Reimagining Early Math Education
Join us virtually on May 17 and 18, 2022 for two days of engaging speakers and facilitated events! Together, we will address the commitments in the RJEM Call to Action by:
● Framing the ways that racial oppression and white supremacy affect early mathematics education;
● Examining our individual and collective responsibilities to address racial oppression and injustice in early math; and
● Contributing to new thinking around early math education that is worthy of children and families who have been historically underserved.
We welcome scholars, community leaders, teachers, activists, policymakers, and parents from all walks of life – everyone who cares about early math education can contribute something essential to this event.
We will dive deeply into problems of systemic racism and the ways they injure our youngest math learners. We will think collectively about how these systems manifest in the environments in which we live and work. And we will work together to develop new approaches to ensuring that historically marginalized children have every opportunity to make mathematics their own.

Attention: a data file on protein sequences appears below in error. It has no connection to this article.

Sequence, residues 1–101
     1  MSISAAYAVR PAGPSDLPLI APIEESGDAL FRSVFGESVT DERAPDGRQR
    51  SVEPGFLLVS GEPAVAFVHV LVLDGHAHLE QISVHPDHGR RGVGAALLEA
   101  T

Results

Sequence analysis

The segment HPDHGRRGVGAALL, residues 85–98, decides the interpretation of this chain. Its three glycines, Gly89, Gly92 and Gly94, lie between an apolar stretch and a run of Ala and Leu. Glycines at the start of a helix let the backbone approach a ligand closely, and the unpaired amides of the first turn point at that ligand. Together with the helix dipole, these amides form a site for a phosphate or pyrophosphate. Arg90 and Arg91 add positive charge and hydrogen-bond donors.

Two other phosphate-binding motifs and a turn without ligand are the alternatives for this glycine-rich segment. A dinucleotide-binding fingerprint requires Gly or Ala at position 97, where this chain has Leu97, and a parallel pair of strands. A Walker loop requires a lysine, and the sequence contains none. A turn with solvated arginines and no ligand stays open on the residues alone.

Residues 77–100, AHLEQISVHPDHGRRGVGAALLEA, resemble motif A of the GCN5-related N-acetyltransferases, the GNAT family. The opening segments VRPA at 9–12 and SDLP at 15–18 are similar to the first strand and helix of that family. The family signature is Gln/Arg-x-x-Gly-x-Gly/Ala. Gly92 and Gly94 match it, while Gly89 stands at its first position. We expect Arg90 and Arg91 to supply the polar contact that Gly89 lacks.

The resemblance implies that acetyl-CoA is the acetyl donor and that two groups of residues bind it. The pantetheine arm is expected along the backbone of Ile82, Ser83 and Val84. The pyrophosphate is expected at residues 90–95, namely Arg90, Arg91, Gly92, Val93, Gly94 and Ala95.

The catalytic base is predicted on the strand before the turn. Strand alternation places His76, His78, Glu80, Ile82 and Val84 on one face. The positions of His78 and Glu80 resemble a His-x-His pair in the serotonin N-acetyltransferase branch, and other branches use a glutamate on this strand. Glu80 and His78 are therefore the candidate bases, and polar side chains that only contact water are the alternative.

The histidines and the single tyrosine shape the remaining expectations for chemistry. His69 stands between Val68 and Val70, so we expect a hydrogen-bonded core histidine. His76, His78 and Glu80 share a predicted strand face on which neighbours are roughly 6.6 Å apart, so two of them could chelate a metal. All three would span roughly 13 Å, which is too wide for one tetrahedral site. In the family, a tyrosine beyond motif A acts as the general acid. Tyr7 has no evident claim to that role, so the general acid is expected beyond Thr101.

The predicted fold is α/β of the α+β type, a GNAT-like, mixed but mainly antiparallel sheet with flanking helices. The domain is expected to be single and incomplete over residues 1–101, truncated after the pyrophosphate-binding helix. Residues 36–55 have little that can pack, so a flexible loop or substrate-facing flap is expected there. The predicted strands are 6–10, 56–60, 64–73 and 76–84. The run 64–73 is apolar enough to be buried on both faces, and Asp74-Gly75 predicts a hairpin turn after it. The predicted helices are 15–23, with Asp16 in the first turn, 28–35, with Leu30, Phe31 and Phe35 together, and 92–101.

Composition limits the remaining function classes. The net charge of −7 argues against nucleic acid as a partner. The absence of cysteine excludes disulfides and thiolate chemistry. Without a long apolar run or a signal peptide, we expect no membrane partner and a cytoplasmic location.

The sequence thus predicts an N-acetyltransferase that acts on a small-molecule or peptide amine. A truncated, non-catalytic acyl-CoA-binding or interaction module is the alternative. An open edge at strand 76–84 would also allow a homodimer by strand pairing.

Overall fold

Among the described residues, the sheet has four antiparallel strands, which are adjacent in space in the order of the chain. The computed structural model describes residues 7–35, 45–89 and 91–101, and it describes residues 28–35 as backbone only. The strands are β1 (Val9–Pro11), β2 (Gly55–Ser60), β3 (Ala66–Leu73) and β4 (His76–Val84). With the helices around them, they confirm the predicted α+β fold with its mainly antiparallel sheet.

As part of the event, we will hear from educators, parents, scholars, and community members who have developed creative and inspiring ways of providing mathematics education opportunities that circumvent or disrupt the systemic racial injustices embedded in our educational systems. There will be several opportunities to connect with others who care about this work, building new relationships with like-minded colleagues.
2022 Plenary Speakers
Amy Parks is a Professor at the Department of Teacher Education at Michigan State University. Her current projects include investigations of the role of play in mathematical learning, the resources parents draw on when supporting their children in mathematics, connections between emotional relationships and content learning in primary classrooms, and the mathematical engagements that are possible in informal spaces. She is author of Exploring Mathematics through Play In the Early Childhood Classroom (2014).
Tambra Jackson is Dean of the School of Education at Indiana University – Purdue University, Indianapolis. She considers herself to be a scholar-activist and is committed to social justice issues pertaining to the historical and contemporary oppression, miseducation, and liberation of children of Color in U.S. schools. She is author of Black Mother Educators: Advancing Praxis for Access, Equity and Achievement (2021).